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Unveiling Aloe: From Ancient Remedies to Modern Miracles

Posted by Karta Purkh Singh Khalsa on May 07, 2024

Aloe Vera

Say hello to aloe, the beloved medicinal plant that has captured hearts worldwide. Often hailed for its soothing properties against burns, this remarkable herb transcends its reputation, emerging as a potent panacea in global herbal medicine practices. From the shores of India to the fields of America, aloe stands as a testament to nature's profound healing capabilities.

From Ancient Egypt to Today

The therapeutic benefits of the plant have been known to many great civilizations, from Persia and Egypt to India and from Greece to Italy, and the African continent. It’s widely known in Asia and the Pacific, and is found in the folklore of diverse cultures. One of its earliest proponents was Dioscorides, the famous Greek physician.

Though it looks like a cactus, aloe is a member of the lily family, along with its cousins onion and garlic. There are over 240 species of aloe, but only 3 or 4 of them have known medicinal properties. The most well known, Aloe vera, is one to two feet tall, with succulent leaves that are broad at the base and pointed at the tips, with spiny edges.

Historical indications are that the aloe plant originated in the warm, dry climates of Africa. The hot weather plant is readily adaptable, though, and people have been eager to carry it with them as they migrated. The Spanish transported it with them to their colonies in South America and the Caribbean. 

This fleshy succulent remedy has by now expanded to many warm regions. In the U.S., it is commercially cultivated in the Rio Grande Valley of Texas, in California and Florida, and in special greenhouses in Oklahoma. 

Aloe leaf is the source of three distinct forms of medicine, each made from different leaf parts, each with its own purpose. The inner gel, the sap and the leaf skin- each has its own uses.

Famous for Women

The turgid leaves contain the clear healing gel. You might already think of this aloe gel as a remedy for sunburn, but Ayurveda takes a different tack, focusing on its internal benefits. This inner leaf gel, which contains 96% water, is consumed as a liquid.

Called “kumari” (“virgin”), this herb is said to restore the energy of youth and to renew the female nature. It is a main tonic for the female reproductive system, and it also nourishes the liver, spleen and blood. As such, it is one of the major remedies to promote female reproductive health in indigenous Asian health care. Women use it to regulate menstruation rhythm and encourage a period, and to help PMS symptoms and cramps.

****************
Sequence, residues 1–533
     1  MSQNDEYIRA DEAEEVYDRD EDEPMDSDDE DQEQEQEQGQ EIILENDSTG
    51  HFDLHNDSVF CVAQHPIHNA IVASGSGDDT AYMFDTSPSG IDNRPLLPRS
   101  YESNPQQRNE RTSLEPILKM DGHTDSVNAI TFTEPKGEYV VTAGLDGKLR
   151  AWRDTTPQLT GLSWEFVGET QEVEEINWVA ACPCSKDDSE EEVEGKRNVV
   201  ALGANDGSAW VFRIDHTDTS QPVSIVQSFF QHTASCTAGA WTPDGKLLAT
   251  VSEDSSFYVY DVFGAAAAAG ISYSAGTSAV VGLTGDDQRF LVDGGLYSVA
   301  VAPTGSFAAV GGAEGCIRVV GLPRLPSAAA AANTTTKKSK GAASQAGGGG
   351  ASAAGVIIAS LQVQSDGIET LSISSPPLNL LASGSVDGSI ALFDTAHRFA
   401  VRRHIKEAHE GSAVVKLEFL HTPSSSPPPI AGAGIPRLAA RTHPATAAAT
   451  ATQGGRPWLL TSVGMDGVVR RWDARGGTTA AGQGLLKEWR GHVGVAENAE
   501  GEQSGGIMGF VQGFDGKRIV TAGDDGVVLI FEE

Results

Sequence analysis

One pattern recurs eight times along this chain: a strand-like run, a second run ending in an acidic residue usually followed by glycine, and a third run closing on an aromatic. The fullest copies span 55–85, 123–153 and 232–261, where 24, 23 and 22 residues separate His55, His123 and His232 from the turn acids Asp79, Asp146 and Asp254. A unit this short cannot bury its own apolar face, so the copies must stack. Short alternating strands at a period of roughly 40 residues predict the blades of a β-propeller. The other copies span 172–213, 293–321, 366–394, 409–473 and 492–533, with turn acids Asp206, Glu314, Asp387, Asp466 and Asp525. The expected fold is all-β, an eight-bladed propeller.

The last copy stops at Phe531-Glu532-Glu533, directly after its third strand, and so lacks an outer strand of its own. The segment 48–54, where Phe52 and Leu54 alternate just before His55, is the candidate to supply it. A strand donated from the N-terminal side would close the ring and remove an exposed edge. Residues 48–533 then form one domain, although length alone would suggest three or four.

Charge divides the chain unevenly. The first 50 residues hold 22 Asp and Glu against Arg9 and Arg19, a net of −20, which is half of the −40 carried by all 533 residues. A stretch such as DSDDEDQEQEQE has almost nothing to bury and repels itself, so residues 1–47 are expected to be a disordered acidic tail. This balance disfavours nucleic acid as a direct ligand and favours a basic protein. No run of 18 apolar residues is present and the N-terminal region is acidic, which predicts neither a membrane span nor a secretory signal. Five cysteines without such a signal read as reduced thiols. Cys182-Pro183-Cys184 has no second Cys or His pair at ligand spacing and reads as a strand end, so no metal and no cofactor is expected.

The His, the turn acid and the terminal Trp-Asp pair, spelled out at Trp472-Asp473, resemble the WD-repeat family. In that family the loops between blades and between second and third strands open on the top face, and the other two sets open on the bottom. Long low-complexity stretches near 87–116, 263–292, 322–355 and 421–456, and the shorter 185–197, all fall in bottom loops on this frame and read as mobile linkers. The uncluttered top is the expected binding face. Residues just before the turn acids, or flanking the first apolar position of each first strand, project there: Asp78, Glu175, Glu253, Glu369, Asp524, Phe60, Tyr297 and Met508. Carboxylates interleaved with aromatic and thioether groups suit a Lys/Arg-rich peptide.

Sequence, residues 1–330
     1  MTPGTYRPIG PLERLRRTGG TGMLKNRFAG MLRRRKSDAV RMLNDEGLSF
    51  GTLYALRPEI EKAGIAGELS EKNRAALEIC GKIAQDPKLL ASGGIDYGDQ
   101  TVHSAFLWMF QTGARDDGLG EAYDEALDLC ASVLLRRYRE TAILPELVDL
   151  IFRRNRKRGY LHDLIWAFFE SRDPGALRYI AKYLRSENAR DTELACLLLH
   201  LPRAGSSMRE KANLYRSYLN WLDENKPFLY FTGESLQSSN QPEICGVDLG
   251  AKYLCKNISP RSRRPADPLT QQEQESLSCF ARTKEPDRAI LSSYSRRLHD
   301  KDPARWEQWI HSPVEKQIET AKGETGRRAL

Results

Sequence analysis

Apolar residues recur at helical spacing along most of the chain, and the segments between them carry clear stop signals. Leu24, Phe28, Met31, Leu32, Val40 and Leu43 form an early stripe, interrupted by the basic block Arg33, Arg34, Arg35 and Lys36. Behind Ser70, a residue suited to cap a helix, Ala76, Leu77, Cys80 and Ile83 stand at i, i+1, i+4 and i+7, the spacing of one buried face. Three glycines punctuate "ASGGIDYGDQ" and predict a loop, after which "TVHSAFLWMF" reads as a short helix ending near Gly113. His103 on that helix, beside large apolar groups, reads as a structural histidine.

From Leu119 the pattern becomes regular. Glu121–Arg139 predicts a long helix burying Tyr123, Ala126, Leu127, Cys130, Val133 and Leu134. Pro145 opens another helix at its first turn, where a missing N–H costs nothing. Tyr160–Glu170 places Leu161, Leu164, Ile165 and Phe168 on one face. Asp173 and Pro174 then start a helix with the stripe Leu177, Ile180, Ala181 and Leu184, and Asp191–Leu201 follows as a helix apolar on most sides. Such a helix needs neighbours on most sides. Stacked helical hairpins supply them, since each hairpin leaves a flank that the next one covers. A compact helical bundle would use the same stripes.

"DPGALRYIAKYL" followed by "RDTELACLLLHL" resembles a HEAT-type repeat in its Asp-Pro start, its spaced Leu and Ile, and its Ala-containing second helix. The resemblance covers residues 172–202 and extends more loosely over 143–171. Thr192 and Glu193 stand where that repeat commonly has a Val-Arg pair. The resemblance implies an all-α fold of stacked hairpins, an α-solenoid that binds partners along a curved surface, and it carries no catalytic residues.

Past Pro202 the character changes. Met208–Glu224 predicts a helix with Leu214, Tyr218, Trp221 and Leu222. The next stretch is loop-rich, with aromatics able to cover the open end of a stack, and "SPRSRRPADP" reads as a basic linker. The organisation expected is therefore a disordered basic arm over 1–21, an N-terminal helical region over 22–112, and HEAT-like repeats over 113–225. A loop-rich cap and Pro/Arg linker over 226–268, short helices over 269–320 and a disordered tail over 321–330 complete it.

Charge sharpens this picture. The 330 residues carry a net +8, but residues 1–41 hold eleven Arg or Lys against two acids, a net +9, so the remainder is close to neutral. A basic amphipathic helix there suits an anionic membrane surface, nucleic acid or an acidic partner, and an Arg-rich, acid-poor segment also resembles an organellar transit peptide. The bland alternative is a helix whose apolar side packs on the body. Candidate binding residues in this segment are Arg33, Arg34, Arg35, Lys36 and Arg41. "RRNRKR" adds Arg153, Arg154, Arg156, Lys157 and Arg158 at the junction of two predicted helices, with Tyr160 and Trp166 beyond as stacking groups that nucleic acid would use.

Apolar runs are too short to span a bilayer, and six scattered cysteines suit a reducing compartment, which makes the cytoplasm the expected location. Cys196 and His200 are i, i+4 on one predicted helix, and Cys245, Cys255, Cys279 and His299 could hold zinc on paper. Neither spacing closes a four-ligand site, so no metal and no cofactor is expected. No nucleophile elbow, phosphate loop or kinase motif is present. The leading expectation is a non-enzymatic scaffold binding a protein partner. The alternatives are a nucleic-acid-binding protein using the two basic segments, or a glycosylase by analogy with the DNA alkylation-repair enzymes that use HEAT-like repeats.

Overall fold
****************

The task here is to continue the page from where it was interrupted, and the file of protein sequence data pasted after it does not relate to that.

Kumari Asava Tonic is a classic liquid aloe preparation for fertility that combines aloe with honey and several digestive herbs, including ginger, coriander and clove. Of course, you need to investigate the medical cause of any infertility. Aloe’s effect is very nonspecific, but I have seen it work wonders in cases where everything seemed fine, but pregnancy just wasn’t happening.  Most women do well with a dose of about 4 ounces of gel per day to supplement reproductive health.

Aloe can be used by anyone, as it balances all three Ayurvedic doshas. Since it is sweet, bitter and cooling, it especially reduces heat and inflammation, and combines well with shatavari, another cooling female building herb.

The inner leaf gel is anti-inflammatory, heals wounds and lowers cholesterol. A cooling medicine, its soothing nature coats the digestive tract, so it is used to treat ulcers and gastritis. 

An Immune Key

British herbalist and Bastyr University faculty member Rowan Hamilton commends the clear, mucilaginous gel collected from the fleshy part of the leaf, taken internally, for its antioxidant, immune stimulant, anti-cancer and anti-viral effects. 

Aloe contains an abundance of unusual active sugar constituents. Acetylated polymannose (aka “Acemannan”), a long chain sugar obtained from the gel, supports the immune functions. The juice of the roasted leaf can be taken with honey for cold and flu.

Ayurveda particularly values this gel as a general detoxifier. Aloe helps clear the toxins out of the digestive system, facilitating digestion. The cooling nature of the gel reduces acidity. Kumari purifies the body and aids liver function, so it is helpful for the skin, even when taken internally.